The young man knew that his decision would have life time consequences. He thought long and hard over his situation and was secure in the knowledge that he had made the right choice.
Sure enough, as soon as word reached the ears of everyone who knew him, the consequences made themselves known. First, his friends didn't want anything to do with him. His family shunned him, he was no longer invited to gatherings with them or other relatives, they acted as though he didn't exist.
He was never able to find a good paying job because of the stigma, living alone, he never married. When his parents died, he discovered that he was excluded from the will.
Finding himself an outcast, he never the less got by. Many years later, he knew he was dying, but he never regretted his decision, he knew intellectually, morally and philosophically that it was the only option for him.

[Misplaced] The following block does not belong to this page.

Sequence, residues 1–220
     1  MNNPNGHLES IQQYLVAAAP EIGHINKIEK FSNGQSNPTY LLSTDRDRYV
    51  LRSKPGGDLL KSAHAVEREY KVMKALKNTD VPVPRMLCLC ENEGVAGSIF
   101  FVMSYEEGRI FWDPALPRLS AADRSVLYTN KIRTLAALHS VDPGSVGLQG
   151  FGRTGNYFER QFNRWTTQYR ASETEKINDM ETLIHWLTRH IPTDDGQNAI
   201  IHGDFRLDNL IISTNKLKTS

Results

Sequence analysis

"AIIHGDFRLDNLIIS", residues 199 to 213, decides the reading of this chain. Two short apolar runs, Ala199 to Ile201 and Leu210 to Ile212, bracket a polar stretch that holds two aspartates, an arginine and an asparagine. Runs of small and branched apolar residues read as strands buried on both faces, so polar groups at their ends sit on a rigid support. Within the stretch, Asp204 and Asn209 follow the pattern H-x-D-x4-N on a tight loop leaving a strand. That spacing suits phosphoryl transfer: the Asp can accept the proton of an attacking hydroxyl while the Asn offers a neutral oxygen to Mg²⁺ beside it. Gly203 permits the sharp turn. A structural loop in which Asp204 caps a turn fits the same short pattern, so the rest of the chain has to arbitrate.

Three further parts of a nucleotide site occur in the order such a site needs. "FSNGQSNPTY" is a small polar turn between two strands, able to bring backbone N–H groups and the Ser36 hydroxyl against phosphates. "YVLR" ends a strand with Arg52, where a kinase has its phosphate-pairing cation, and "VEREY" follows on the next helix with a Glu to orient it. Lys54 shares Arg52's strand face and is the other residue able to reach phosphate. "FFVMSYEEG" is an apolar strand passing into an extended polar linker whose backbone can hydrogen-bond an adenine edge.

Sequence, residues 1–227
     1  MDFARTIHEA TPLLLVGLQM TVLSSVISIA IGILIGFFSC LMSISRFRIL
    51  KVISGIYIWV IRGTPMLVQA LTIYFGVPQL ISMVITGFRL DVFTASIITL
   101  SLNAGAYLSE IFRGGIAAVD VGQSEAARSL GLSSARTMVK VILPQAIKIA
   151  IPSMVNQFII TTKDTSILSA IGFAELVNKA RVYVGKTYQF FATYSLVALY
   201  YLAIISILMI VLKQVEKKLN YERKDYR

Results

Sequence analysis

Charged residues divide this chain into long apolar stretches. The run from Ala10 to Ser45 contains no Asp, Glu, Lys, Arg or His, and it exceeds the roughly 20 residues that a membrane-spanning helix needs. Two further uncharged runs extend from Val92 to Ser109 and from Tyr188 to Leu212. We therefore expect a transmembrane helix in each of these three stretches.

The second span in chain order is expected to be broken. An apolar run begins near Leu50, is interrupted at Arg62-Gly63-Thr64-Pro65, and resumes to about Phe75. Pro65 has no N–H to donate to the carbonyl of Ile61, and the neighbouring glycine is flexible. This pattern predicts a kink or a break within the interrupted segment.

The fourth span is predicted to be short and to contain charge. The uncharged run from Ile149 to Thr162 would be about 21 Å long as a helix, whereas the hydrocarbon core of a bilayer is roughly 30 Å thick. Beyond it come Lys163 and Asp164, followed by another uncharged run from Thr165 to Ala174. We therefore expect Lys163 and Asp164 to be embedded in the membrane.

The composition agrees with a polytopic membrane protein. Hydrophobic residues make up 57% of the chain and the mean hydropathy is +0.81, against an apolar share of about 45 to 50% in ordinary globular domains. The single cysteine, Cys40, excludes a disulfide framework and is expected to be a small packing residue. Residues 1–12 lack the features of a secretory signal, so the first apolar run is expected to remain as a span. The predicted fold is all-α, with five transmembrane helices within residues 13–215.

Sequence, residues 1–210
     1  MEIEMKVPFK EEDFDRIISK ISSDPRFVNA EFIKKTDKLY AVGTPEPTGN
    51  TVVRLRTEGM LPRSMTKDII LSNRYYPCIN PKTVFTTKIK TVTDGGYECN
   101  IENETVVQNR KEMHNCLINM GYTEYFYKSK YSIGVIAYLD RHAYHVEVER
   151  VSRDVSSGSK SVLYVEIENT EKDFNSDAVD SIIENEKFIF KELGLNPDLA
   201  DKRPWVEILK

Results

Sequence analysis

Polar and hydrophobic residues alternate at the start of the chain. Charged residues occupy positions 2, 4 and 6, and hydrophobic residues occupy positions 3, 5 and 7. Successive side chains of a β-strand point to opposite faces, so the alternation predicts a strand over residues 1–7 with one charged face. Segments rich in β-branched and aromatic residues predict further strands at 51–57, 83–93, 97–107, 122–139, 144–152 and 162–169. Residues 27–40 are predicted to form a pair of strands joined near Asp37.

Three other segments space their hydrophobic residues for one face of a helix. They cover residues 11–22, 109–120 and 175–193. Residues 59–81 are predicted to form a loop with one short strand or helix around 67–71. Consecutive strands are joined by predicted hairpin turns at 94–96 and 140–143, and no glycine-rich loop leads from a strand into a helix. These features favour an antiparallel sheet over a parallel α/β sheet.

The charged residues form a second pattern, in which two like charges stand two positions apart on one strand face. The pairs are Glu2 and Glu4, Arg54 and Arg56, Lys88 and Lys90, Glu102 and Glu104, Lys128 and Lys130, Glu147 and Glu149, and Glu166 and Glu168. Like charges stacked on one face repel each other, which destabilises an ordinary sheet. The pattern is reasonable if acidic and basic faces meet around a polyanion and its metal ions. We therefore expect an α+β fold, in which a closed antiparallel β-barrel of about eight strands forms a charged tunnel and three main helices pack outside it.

When he died, he was buried in an unmarked grave. No parades for his type, no days to honor him, no moment of silence for his passing. He did not expect anything, he did it for his own integrity, and although he would have liked things to be different, he never regretted his decision. Maybe some day, there will be special parking spots at grocery stores marked: “Parking for consciences objectors.”
He made his decision based on what he thought was right. Veterans also make their decisions based on what they felt was right. War is when the government tells you who your enemy is. Non compliance is when you have already figured it out for yourself.